Your iPhone is a serious camera, but to make the most of it, you need to use some third-party apps. The built-in Camera and Photos apps are fine, but they just aren’t up to scratch compared to the best photography apps out there. Let’s take a look.
Update, 9/28/21: Checked content for accuracy.
If you want to take great photos, you need to take control of the camera you’re using; you won’t get your best photos in auto mode. While your iPhone has a fixed aperture lens, you can still decide on the shutter speed, ISO, focus, and white balance.
Halide (Free) is the best camera app out there. It’s got simple one-handed manual controls that work even with an iPhone 13 Pro and small hands (I should know), RAW support, live Portrait mode, depth preview, focus peaking, a live histogram, and a great auto mode for when you just want to take a quick snap. It’s the complete package.
There are lots of great image editors out there but Google’s Snapseed is the pick of the bunch. It’s got a host of powerful global adjustment tools, RAW support, filters, and saved styles, sure; but where it really shines, is with local adjustments. The selective Control Point adjustments let you fine-tune different areas of your image quickly and easily; there’s no need to try and carefully paint things in with your big clumsy finger.
The other thing is that Snapseed is free. There are image editing apps out there that are as powerful as Snapseed but they all either cost money or lack features found in Snapseed.
Adobe Lightroom CC is technically free but you need to either pay $4.99/month to unlock all the mobile features and get 100GB of Cloud Storage or $9.99/month for the Adobe Creative Cloud Photography Plan (which also includes the desktop versions of Photoshop and Lightroom, as well as 1TB of storage). The free version is fine, but it’s the paid versions that make it a really useful app.
Lightroom isn’t just an image editor. It’s a catalog app, an export studio, and much more. For professional photographers, it’s the center of their whole workflow. Adobe Lightroom CC brings all that to your iPhone and, if you’re a Creative Cloud Subscriber, will sync with Lightroom on your computer.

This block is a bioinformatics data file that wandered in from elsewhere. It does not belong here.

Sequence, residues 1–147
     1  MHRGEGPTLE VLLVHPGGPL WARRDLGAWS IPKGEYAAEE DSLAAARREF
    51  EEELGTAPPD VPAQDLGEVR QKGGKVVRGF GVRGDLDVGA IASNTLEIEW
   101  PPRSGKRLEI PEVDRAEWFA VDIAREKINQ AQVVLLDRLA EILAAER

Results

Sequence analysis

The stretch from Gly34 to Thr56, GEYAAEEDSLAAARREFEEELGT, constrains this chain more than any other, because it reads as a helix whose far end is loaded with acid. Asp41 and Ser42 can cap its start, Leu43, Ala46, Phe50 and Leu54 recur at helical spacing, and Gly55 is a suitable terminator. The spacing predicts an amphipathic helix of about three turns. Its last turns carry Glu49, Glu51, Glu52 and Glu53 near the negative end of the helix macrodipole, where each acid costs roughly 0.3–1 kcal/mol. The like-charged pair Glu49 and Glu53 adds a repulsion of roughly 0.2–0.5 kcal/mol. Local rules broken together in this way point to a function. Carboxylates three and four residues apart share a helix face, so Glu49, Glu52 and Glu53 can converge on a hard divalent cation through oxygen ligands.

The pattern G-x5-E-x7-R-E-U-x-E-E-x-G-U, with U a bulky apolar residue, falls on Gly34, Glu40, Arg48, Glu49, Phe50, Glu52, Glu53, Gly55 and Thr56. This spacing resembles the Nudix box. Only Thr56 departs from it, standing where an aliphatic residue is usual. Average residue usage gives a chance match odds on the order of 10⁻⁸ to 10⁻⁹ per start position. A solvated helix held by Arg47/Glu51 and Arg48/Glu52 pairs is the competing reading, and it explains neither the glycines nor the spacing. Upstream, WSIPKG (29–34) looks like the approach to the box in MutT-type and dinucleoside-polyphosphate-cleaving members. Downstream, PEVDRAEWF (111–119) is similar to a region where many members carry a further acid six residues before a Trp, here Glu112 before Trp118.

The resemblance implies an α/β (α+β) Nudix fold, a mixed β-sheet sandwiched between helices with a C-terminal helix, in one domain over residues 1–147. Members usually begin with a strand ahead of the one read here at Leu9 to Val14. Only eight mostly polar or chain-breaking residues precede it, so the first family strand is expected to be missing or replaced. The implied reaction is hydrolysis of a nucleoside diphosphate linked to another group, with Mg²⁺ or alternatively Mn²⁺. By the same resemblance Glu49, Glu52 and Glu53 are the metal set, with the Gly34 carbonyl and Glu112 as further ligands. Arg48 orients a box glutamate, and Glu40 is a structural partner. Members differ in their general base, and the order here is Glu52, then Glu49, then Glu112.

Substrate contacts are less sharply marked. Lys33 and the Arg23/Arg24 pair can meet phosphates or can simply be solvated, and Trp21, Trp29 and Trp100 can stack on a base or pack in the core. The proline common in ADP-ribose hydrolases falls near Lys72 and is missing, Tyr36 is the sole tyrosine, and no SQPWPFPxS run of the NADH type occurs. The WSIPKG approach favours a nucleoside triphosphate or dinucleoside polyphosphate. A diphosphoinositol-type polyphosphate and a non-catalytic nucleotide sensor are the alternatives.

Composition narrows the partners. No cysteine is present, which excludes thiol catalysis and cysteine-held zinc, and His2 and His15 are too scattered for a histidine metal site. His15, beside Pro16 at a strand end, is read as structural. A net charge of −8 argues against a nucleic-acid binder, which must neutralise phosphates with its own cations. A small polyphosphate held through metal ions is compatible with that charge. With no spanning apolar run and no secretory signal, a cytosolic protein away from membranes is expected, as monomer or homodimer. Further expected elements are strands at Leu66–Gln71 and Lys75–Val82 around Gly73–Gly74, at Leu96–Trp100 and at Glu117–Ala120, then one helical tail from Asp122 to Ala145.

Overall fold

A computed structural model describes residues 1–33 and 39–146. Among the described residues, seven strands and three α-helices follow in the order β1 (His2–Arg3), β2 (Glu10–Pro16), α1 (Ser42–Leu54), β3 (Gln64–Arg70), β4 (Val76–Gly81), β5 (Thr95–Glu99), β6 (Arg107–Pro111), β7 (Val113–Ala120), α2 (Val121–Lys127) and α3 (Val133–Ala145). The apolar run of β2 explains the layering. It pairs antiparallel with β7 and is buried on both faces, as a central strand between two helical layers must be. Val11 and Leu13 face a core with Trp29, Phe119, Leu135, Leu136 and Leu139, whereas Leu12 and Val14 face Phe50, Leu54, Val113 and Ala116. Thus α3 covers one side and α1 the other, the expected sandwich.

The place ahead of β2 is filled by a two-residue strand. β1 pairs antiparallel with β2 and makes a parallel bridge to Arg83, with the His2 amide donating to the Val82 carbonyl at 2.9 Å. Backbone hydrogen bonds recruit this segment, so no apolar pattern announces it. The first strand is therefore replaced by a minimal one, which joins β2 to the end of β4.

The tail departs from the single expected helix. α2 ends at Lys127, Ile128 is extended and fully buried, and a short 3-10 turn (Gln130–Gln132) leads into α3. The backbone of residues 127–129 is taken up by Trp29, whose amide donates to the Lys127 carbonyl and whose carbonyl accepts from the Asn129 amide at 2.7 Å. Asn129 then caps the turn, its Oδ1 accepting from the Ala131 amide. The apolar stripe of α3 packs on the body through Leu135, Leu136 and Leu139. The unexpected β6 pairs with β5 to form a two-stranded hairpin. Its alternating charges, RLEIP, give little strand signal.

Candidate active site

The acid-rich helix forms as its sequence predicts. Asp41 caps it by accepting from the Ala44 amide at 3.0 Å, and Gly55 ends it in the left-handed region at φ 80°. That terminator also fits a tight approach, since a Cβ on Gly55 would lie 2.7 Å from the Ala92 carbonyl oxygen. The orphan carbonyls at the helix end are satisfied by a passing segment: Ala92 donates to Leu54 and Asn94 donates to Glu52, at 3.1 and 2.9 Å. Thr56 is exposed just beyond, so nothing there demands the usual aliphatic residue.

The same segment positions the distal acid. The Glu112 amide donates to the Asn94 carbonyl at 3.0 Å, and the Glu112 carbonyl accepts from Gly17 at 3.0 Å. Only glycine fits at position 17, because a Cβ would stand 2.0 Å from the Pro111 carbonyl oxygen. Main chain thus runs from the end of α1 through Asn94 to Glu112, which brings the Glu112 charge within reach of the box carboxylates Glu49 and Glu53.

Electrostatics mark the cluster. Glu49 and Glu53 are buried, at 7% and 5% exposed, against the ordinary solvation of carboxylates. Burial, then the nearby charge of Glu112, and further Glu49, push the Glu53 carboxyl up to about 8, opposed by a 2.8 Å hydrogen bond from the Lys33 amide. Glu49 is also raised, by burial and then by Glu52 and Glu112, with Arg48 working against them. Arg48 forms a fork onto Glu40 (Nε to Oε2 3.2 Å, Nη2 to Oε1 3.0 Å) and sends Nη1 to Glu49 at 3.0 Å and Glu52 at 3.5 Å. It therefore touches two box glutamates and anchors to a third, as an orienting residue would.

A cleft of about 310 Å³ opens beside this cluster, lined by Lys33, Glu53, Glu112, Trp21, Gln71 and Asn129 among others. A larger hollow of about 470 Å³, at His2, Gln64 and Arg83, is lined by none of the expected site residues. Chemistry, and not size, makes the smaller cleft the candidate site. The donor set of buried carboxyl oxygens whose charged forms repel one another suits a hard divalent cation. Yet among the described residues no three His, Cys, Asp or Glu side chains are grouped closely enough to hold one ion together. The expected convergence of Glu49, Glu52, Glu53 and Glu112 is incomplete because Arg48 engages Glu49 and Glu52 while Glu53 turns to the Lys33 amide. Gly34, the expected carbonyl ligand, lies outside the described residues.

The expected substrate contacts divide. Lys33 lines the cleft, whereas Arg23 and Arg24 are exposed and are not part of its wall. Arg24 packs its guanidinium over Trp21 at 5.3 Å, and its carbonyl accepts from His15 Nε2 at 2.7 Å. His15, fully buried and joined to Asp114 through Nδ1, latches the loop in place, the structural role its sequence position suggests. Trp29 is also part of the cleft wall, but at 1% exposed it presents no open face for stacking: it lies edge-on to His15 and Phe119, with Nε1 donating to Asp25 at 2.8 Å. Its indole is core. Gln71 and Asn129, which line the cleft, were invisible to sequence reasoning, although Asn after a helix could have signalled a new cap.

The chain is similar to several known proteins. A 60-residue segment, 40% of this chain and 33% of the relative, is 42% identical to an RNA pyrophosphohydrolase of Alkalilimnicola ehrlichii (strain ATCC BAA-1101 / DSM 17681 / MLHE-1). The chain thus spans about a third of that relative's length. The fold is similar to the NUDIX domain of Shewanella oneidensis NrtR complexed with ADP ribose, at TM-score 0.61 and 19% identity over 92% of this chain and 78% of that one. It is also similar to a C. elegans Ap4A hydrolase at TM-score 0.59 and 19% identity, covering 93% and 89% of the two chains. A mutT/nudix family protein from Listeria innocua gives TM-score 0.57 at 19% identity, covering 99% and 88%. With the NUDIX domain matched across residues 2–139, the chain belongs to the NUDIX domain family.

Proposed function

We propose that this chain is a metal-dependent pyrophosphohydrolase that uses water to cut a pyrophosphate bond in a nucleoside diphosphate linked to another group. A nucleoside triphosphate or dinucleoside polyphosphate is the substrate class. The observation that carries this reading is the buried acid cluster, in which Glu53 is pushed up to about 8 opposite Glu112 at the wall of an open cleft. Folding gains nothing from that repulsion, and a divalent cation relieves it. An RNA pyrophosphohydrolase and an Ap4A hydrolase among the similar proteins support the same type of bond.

If you’re just shooting photos with your iPhone, you can skip Lightroom, but if you want to use your phone as just another part of your photography workflow, it’s the only app to go for.
Filter apps like Instagram and Hipstamatic (remember Hipstamatic?) were the first good image editors on the iPhone. If you took a low-res photo and slapped a filter on it, thing could actually look pretty decent. Now photo editing apps have moved on, but there’s still a place for a really good filter app. That’s VSCO (Free, with a membership option).
The difference between VSCO and lots of other filter apps is that the people making VSCO have a lot of experience with what they’re doing; VSCO started out as a company that made presets for Lightroom and Photoshop that emulated classic photography films. They still do that, but now they’ve brought that same knowledge to mobile filters. This means that instead of getting some ill thought out, high contrast/high saturation filter, you get ones that are inspired by specific films, looks, moods, or culture.
VSCO comes with plenty of free filters but there are also in-app purchases for specific looks. There’s even a subscription if you want to unlock all the premium filters in one go.
Nothing ruins a photo faster than a power line, photobomber, pimple, or other distraction. TouchRetouch ($1.99) is the quickest way to get rid of them.
It’s simple: select a retouching tool, paint over the area you want to retouch, and the app will do the rest, intelligently replacing what you want gone. You can quickly remove street lights, cables, people, or anything else you can imagine from your photos.
SKRWT (Free, with in-app purchases)—no, I don’t know how to pronounce it either—is an app designed to fix one thing: the perspective distortion you get from using a camera to take photos of buildings and landscapes.
You know when you try to take a photo of a monument and because you’re having to tilt your camera back to get everything in frame, it ends up looking kind of funky? SKRWT fixes that with a few quick taps. It’s perfect for making your vacation photos look a million times more professional.
And now, for the most boring possible inclusion on this list. The best place to share your iPhone photos is … Instagram (Free).
As much as I’d love to have some cool recommendations here, the reality is that Instagram is the best photo-driven social network around. Hell, it might even be the best social network around. If you want to share your photos with friends, family, and the public at large, it’s the only app to use.